(1964) dir. Roger Corman
Roger Corman is known for many films mostly as a producer of low-budget horror and/or exploitation films, but he also has a more critical notability for the several films that he directed himself from the works of Edgar Allen Poe. Actually, he made seven altogether as director, of which The Masque of the Red Death is considered to be the height of his production values. And it’s interesting, for a man who was more known for adding blood and keeping budgets tight, even claiming at one point that he never lost money on a movie, his approach to Poe is relatively true to the tone and story, focusing on mood and atmosphere over the flowing of the fake red stuff, even in a film about “the Red Death”.
And Corman employed some of his solidly notable assistants in this film, from co-screenwriter Charles Beaumont, one of The Twilight Zone‘s best writers as well as an excellent horror/science fiction author to cinematographer Nicolas Roeg who would go on to make Walkabout (1971), Don’t Look Now (1973), and The Man Who Fell to Earth (1976) among others. Corman is notable for getting all number of filmmakers, actors, and other film professionals their starts, so it’s little wonder to see him working with all kinds of quality folks.
This film also benefited from Corman’s finageling of filming in London (apparently to get tax breaks) and being able to use sets that had been constructed for larger budget productions set in a similar era. And the inimitable Vincent Price as the villainous Prince Prospero, the devil-worshipping, murderous noble who celebrates in debauchery while the poor in the countryside fall to the plague, the “Red Death” of the title.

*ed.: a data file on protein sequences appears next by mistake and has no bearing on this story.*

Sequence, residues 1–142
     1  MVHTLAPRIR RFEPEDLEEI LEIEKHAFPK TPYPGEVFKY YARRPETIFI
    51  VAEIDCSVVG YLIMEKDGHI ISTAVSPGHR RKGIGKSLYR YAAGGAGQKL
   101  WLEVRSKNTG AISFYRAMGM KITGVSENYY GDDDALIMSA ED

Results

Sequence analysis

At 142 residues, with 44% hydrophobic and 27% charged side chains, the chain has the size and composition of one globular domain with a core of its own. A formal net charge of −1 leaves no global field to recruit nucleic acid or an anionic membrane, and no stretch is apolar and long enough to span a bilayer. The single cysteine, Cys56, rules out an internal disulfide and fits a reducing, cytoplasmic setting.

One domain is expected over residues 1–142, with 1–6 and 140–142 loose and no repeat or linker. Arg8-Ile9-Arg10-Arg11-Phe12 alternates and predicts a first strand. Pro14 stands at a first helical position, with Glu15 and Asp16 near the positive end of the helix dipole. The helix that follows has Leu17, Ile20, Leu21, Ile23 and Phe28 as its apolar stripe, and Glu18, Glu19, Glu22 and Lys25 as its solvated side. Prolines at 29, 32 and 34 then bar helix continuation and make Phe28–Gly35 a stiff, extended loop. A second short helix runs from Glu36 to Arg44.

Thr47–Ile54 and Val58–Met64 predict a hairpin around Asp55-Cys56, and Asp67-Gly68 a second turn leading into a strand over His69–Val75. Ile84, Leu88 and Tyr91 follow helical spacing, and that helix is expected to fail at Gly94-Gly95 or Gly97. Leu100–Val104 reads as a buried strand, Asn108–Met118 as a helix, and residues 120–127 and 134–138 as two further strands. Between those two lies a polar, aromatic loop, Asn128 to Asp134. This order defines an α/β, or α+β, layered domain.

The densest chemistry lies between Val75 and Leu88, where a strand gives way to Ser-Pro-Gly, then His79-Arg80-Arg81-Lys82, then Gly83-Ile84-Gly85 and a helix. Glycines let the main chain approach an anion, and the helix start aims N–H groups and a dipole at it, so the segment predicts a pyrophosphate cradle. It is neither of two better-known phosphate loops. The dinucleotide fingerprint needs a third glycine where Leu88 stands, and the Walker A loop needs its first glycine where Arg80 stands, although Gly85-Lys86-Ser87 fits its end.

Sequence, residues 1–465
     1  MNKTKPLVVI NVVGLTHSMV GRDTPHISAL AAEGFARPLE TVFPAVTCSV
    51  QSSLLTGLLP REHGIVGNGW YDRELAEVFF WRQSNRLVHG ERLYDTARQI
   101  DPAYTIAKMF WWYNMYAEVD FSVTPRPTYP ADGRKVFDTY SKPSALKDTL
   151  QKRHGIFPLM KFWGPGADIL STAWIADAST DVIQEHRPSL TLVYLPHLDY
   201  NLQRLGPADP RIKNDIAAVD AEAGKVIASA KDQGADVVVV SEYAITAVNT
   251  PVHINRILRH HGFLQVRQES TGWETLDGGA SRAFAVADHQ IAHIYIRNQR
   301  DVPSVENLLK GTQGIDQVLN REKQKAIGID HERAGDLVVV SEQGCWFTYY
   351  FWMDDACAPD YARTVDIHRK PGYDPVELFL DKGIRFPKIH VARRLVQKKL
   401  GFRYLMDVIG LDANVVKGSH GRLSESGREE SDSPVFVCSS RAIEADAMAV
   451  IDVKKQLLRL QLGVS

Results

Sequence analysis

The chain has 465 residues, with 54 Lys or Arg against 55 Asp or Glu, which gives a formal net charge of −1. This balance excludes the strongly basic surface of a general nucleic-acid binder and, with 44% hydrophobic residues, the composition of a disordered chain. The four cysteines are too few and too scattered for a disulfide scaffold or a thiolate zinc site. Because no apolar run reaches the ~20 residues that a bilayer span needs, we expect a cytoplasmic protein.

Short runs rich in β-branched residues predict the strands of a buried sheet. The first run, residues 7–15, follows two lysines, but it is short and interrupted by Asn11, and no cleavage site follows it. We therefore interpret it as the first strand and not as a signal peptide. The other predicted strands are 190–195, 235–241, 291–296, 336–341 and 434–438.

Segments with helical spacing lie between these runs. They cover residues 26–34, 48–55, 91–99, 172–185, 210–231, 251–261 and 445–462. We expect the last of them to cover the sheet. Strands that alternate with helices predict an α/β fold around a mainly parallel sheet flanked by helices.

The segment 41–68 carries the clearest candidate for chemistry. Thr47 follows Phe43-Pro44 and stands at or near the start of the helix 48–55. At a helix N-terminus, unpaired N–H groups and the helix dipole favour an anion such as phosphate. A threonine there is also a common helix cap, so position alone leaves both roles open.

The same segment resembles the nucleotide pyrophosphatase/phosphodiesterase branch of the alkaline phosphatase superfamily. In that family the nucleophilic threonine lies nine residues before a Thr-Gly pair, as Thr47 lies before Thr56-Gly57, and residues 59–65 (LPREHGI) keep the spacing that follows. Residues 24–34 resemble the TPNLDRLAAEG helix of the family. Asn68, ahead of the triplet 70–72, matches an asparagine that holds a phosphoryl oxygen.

Overall, the film is workman-like in its dedication to its material, a straight-forward, only occasionally surreal interpretation of the story. While the narrative additionally empoys the story from another Poe piece, “Hop Frog”, the whole thing holds together well. It’s not really frightening nor ultimately powerful to my estimation, but it’s still hard to fault altogether too.
The best sequences are perhaps those in which the red figure of death appears on a hill, where ultimately at the end he is joined by other multicolored “deaths”. You get some of the sensibility of Beaumont here, if I don’t miss my guess. And Roeg’s camera has occasion to drift into more subjective and strange visuals. Actually, the credit sequence at the end is quite striking. In all, this is probably of Corman’s Poe films that I’ve seen the most and/or most-recently. As a left-over from Halloween, and paired with Premature Burial (1962) on the disc, I’ll be watching at least one more of these before my Halloween cycle ends.